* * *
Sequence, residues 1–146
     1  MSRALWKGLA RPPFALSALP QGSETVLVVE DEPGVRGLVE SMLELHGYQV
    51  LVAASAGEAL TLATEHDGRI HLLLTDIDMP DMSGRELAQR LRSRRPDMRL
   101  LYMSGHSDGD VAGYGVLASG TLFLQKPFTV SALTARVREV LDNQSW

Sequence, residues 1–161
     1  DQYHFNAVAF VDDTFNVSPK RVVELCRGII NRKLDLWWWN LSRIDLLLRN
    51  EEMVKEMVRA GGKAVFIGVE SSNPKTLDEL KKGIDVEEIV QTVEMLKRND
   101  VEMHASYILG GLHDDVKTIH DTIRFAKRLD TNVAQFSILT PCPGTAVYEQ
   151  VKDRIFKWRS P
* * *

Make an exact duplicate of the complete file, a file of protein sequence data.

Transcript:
Sequence, residues 1–146
     1  MSRALWKGLA RPPFALSALP QGSETVLVVE DEPGVRGLVE SMLELHGYQV
    51  LVAASAGEAL TLATEHDGRI HLLLTDIDMP DMSGRELAQR LRSRRPDMRL
   101  LYMSGHSDGD VAGYGVLASG TLFLQKPFTV SALTARVREV LDNQSW

Sequence, residues 1–161
     1  DQYHFNAVAF VDDTFNVSPK RVVELCRGII NRKLDLWWWN LSRIDLLLRN
    51  EEMVKEMVRA GGKAVFIGVE SSNPKTLDEL KKGIDVEEIV QTVEMLKRND
   101  VEMHASYILG GLHDDVKTIH DTIRFAKRLD TNVAQFSILT PCPGTAVYEQ
   151  VKDRIFKWRS P